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MISC. KLONDIKE COALFIELD

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Mule stable, lamp house, and pump house remaining from H.C. Frick Coal and Coke's mine at Ralph, PA. The high quality metallurgical coal from the Ralph mine was transported by underground conveyors to the Palmer Dock for shipment down the Monongahela River to the Clairton coke ovens until the mine was closed in the 1950s. In this picture a few of the patch houses can be seen on the hill above the mine buildings. (Dec. 2007 image by author)


This is what's left of the Crystal patch, built around 1900. The United Connellsville Coke Co. had 120 coke ovens there. Where are they now? Other companies to operate at Crystal include Sackett Coke Co. and Hekla Coal Co. (July 2002 image by author)


The remains of the coke works at Fairbank, PA, an operation of Struthers Coke Co. or Struthers Furnace Co. (Image courtesy of Wes C.)


Company store and a few company houses remain at Outcrop, PA, Springfield Township, where long ago coal was mined and transported to the coke ovens by aerial tramway. Rich Hill Coke Co. opened Outcrop in 1901. (July 2002 image by author)


H.C. Frick Coke Company's mines began shipping coal to US Steel's Clairton by-product coke plant in the 1920s. The coal was delivered to coal barges from an underground conveyor system to the Colonial Dock, shown here in 1955. (Image scanned by author; materials courtesy of Tony Graziani at USX Resources)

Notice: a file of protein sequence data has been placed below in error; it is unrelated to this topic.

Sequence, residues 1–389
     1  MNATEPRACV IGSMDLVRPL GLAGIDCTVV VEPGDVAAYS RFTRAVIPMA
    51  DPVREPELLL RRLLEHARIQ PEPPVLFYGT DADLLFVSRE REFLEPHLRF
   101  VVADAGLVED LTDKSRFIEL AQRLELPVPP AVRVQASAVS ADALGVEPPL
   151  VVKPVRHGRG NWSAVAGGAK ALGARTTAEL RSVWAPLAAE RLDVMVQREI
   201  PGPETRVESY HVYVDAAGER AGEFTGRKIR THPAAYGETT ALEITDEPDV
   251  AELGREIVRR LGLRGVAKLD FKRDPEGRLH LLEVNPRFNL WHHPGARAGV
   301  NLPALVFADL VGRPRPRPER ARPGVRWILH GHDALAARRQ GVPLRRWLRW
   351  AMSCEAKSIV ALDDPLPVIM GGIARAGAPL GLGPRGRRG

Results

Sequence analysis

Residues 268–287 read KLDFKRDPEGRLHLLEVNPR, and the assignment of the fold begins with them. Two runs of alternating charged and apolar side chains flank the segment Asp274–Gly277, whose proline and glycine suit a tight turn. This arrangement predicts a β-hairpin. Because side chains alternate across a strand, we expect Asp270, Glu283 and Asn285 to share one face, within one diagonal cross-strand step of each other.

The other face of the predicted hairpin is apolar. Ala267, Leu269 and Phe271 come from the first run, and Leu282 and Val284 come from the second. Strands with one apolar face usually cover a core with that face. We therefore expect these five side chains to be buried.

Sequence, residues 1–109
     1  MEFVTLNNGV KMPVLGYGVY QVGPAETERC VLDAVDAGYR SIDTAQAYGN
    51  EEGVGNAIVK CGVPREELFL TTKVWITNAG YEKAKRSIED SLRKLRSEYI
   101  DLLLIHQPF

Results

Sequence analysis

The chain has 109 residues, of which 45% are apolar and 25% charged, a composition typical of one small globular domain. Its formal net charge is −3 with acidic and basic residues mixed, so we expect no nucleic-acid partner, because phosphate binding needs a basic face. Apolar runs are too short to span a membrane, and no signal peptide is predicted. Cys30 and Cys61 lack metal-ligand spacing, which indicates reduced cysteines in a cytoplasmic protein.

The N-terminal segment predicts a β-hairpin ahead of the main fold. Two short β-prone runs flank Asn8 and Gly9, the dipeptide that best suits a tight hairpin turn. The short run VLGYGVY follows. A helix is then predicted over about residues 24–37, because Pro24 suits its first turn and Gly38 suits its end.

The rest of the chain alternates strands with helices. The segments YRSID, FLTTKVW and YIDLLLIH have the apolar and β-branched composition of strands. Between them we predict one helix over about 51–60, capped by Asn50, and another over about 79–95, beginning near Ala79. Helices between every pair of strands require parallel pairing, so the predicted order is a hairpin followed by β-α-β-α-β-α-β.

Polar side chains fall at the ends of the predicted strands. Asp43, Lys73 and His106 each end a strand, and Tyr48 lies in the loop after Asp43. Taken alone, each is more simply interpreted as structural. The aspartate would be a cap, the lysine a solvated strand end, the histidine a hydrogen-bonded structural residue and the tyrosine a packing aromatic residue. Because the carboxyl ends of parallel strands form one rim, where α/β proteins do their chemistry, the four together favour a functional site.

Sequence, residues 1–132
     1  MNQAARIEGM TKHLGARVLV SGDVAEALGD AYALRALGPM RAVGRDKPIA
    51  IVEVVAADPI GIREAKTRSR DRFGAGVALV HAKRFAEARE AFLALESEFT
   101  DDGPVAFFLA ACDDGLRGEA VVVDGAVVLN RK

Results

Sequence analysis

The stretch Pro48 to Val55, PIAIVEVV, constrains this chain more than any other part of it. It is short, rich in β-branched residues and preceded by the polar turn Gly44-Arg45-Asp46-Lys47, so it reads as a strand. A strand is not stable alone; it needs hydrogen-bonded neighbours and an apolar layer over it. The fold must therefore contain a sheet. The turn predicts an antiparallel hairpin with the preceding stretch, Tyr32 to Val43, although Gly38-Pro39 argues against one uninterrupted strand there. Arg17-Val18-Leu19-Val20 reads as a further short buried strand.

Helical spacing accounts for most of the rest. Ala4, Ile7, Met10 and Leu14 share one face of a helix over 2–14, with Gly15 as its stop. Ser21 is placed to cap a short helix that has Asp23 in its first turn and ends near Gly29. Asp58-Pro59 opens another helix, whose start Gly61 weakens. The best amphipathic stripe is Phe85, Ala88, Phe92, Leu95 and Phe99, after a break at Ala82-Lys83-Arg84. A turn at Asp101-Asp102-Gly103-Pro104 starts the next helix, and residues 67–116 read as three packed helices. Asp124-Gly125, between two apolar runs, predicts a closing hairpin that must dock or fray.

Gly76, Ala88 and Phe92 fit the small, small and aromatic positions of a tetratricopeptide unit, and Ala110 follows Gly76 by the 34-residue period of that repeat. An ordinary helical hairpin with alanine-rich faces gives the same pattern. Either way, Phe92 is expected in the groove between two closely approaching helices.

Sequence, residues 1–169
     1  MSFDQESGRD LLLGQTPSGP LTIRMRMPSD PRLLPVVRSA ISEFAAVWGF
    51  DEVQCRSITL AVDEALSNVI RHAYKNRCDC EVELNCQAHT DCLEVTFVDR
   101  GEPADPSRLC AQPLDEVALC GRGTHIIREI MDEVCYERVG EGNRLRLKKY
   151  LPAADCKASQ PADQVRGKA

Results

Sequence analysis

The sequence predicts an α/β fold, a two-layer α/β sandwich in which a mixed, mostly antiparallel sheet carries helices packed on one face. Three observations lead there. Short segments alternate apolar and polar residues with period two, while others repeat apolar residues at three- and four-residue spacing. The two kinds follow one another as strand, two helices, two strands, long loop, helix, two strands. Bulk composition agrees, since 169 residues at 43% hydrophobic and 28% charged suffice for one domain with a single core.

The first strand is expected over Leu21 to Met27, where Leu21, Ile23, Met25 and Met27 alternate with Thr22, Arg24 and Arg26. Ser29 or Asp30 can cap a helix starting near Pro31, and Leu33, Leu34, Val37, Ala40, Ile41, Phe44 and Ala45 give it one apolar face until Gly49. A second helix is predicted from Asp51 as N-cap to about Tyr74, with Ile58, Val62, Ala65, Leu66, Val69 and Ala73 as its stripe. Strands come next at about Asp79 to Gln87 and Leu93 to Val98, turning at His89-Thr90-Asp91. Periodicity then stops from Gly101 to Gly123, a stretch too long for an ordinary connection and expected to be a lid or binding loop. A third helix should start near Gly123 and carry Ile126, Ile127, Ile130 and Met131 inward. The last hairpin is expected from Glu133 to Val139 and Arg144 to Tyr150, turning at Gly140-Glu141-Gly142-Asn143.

A postcard of the Colonial Beltline, used by U.S. Steel until 1961. (Image courtesy Coal and Coke Heritage Center, Penn State Eberly Campus)


St. Cecilia Roman Catholic Church with the company houses of the Gridnstone patch in the background. I think this church is a mission church from St. Peter Parish in Brownsville. This part of the Grindstone patch is called Old Hill, and another section of housing not shown in this photo is New Hill. The coal mine and coke yard at Grindstone was Colonial No.4, which, after being operated by the Pittsburgh Coal Company for a number of years, was purchase by Frick in 1911. The name came from the Grindstone School House because it featured a grindstone on its gable. (April 2009 image by author)


A vintage picture of the Lambert mining camp, where the American Steel and Wire Co. had over 400 ovens in blast at one time. (Image courtesy Coal and Coke Heritage Center, Penn State Eberly Campus)


The dedication pamphlet from the opening of the Robena Prep Plant from 1946. Mining at Robena began in 1943 when Frick Coke drove two entries under the Monongela River from the Ronco mine in Fayette County. At the time it was the largest coal mine in the nation. (Image scanned by author; materials courtesy of Tony Graziani at USX Resources)


The first barge of coal loaded at Robena, H.C. Frick Coke Co., Mid-1940s. (Image scanned by author; materials courtesy of Tony Graziani at USX Resources)


A latter day (2000) photograph of the Robena barge loadout (Courtesy Coal and Coke Heritage Center, Penn State Eberly Campus)


What remains at Robena in the 21st Century. (April 2009 image by author)